Band plays Bebop Jazz on tour of Uzbekistan
Tashkent, Uzbekistan (UzDaily.com) --
A jazz ensemble from New York packed concert halls and held classes for students during a week-long tour through Urgench, Bukhara, and Tashkent.
The Ari Roland Quartet toured Uzbekistan from 2 December to 7 December. The band had previously played in Eastern Europe, the Middle East, Africa, China, India, and other nations of Central Asia, but this was their first visit to Uzbekistan. The experience here surpassed all their expectations, said bassist Ari Roland at a reception after the standing-room-only concert at the Turkiston Hall in Tashkent.
“We met these two men at a jazz club in New York, and they said we should come to Uzbekistan, that it would be better than we would ever imagine,” Roland said after an improvisational session with dutor player Ilyas Lutfullaev, Mamurjon Alimjanov on the gijjak (a stringed instrument played with a bow) and other local musicians. “Well, I tell you, it has been even better than they said it would be. We have had just a wonderful, wonderful experience here. â€¦ I hope this is the first chapter of what will be a long story.”
Roland, Chris Byars on tenor saxophone, Zaid Nasser on alto saxophone and Keith Balla on drums play a repertoire that includes jazz classics from Dizzy Gillespie, Charlie Parker, Cole Porter and others. They also perform original compositions by each of the musicians in the quartet.
Their tour of Uzbekistan was sponsored by the U.S. Embassy in Tashkent, which has brought other “jazz ambassadors” such as the Brian Horton Quartet in the past year. The Ari Roland Quartet has visited more than 20 countries in recent years on U.S. State Department-sponsored tours.
“Jazz has always been a music that brings people together,” said Roland, who noted that jazz groups and audiences have always included people from every ethnic background, religion and social group. He said it is also a musical form for all ages of people. “It is a perfect place for the older generation to pass along their knowledge and experience, and for the younger generation to find their own voices and to contribute something new, which brings new life to the tradition.”
That blend of musical voices was on full display during a performance Dec. 6, when the quartet was joined by players on the dotar, gijjak and doira (a type of hand-held drum). The forlorn melodies and complex rhythms of traditional Uzbek music mixed beautifully with the saxophones and Roland’s stand-up bass while Uzbek dancers raised their arms and twirled across the dance floor.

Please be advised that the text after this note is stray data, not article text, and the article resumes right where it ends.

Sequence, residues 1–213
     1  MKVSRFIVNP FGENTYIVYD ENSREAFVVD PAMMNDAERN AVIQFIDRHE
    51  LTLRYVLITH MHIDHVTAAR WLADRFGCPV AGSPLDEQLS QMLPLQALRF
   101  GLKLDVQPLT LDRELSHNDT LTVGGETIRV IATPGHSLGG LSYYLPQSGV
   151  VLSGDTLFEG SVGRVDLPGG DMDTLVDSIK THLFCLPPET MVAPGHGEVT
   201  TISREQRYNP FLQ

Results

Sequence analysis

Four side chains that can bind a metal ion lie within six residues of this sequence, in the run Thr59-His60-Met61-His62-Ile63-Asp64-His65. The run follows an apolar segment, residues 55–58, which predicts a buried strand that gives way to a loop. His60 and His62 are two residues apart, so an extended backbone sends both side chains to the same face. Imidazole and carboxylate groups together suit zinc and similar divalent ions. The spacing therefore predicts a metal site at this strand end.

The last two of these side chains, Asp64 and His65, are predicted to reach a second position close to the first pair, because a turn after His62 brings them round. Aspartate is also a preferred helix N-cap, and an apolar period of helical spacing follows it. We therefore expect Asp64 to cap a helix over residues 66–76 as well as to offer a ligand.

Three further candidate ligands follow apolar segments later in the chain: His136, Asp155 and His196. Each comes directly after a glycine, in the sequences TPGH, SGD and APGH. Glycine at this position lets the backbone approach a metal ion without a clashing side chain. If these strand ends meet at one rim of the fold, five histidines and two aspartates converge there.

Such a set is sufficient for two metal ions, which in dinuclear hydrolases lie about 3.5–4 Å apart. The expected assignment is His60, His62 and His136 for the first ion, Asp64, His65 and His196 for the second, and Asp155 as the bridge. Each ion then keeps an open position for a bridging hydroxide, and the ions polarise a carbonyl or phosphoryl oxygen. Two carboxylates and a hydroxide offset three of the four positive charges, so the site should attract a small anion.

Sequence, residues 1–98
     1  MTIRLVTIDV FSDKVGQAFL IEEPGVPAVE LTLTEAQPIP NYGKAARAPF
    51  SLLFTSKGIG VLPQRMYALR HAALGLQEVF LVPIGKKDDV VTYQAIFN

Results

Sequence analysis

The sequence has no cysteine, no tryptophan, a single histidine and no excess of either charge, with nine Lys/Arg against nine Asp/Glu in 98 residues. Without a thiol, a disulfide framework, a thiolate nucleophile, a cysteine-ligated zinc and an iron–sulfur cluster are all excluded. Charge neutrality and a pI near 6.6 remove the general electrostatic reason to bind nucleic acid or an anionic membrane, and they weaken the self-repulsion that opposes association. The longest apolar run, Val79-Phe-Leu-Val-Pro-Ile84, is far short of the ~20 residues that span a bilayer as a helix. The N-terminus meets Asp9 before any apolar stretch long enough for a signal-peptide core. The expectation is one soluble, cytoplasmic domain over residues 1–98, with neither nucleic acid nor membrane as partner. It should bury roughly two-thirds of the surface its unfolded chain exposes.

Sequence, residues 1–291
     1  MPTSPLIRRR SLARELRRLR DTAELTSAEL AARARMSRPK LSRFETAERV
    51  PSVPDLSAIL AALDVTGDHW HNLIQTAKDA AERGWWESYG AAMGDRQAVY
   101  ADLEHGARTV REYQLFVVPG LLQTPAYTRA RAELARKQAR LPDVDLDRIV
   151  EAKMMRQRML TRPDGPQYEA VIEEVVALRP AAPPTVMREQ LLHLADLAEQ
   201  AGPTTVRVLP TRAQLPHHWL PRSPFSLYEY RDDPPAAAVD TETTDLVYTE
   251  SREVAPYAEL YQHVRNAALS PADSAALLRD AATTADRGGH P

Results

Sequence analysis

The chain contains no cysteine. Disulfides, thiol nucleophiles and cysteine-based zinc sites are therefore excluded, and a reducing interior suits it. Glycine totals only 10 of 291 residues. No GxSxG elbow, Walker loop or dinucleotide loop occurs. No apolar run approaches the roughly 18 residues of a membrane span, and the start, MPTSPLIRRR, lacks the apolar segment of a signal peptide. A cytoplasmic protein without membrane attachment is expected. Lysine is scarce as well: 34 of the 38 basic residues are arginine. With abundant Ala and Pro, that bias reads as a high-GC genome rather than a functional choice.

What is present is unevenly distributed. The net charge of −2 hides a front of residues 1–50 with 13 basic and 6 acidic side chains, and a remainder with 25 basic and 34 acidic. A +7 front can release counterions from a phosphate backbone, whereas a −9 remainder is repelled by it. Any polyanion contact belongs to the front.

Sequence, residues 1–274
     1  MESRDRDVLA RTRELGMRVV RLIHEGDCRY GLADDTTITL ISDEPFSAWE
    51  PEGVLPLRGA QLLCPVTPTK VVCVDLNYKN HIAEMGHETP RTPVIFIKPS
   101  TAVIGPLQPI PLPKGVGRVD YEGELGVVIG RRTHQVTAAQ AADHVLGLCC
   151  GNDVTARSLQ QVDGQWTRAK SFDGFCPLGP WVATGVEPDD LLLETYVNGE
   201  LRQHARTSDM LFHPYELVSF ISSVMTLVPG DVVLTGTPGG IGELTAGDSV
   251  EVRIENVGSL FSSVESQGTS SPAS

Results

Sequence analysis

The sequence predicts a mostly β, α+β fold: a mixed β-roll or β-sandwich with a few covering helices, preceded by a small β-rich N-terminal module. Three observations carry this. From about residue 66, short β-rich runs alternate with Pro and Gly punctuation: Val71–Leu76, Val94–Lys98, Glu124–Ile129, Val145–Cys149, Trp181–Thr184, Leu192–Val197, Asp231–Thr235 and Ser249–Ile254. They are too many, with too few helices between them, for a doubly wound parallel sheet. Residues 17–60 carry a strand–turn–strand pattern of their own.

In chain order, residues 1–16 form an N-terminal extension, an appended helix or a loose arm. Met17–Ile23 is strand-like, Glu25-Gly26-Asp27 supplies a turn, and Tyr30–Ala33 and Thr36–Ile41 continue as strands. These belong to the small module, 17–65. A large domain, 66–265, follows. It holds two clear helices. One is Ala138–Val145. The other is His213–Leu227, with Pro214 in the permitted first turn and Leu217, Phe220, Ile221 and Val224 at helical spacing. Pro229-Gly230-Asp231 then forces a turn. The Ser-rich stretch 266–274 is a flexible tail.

Nasser, who has spent time teaching jazz in Armenia and Cyprus, said he saw so much enthusiasm for jazz during this tour that he would be interested in returning to Uzbekistan to continue his teaching.
The quartet started its tour on 2 December with a master class at the Music College in Urgench. They conducted a master class on 3 December at the H. Niyaziy Music College in Tashkent, and then performed during two concerts dedicated to International Disabilities Day at the Istiqlol Concert Hall.
They held a master class 4 December at the RASML Uspensky Music School in Tashkent before traveling to Bukhara for another master class Dec. 5 at the Music College.
The band then returned to Tashkent for concert on 6 December at the Turkiston Hall and wrapped up their tour on 7 December at the Jazz Club of the Photography House in Tashkent.
Roland studied music at the world-renowned Julliard School in New York, but he also began playing jazz professionally by the time he was 16. He would leave school and play jazz at home with his friends, then go out to listen to gigs at night. After the gigs, they would stick around to play in jam sessions all night long, he said.
“All we did was jazz,” he said in an interview with the magazine “Jazz Times.” Unlike many jazz bassists, Roland almost always uses a bow when he solos in what is known as the “arco” style.
Each of the band members has recorded jazz CDs, performs regularly in New York and on tour, and is active in music education.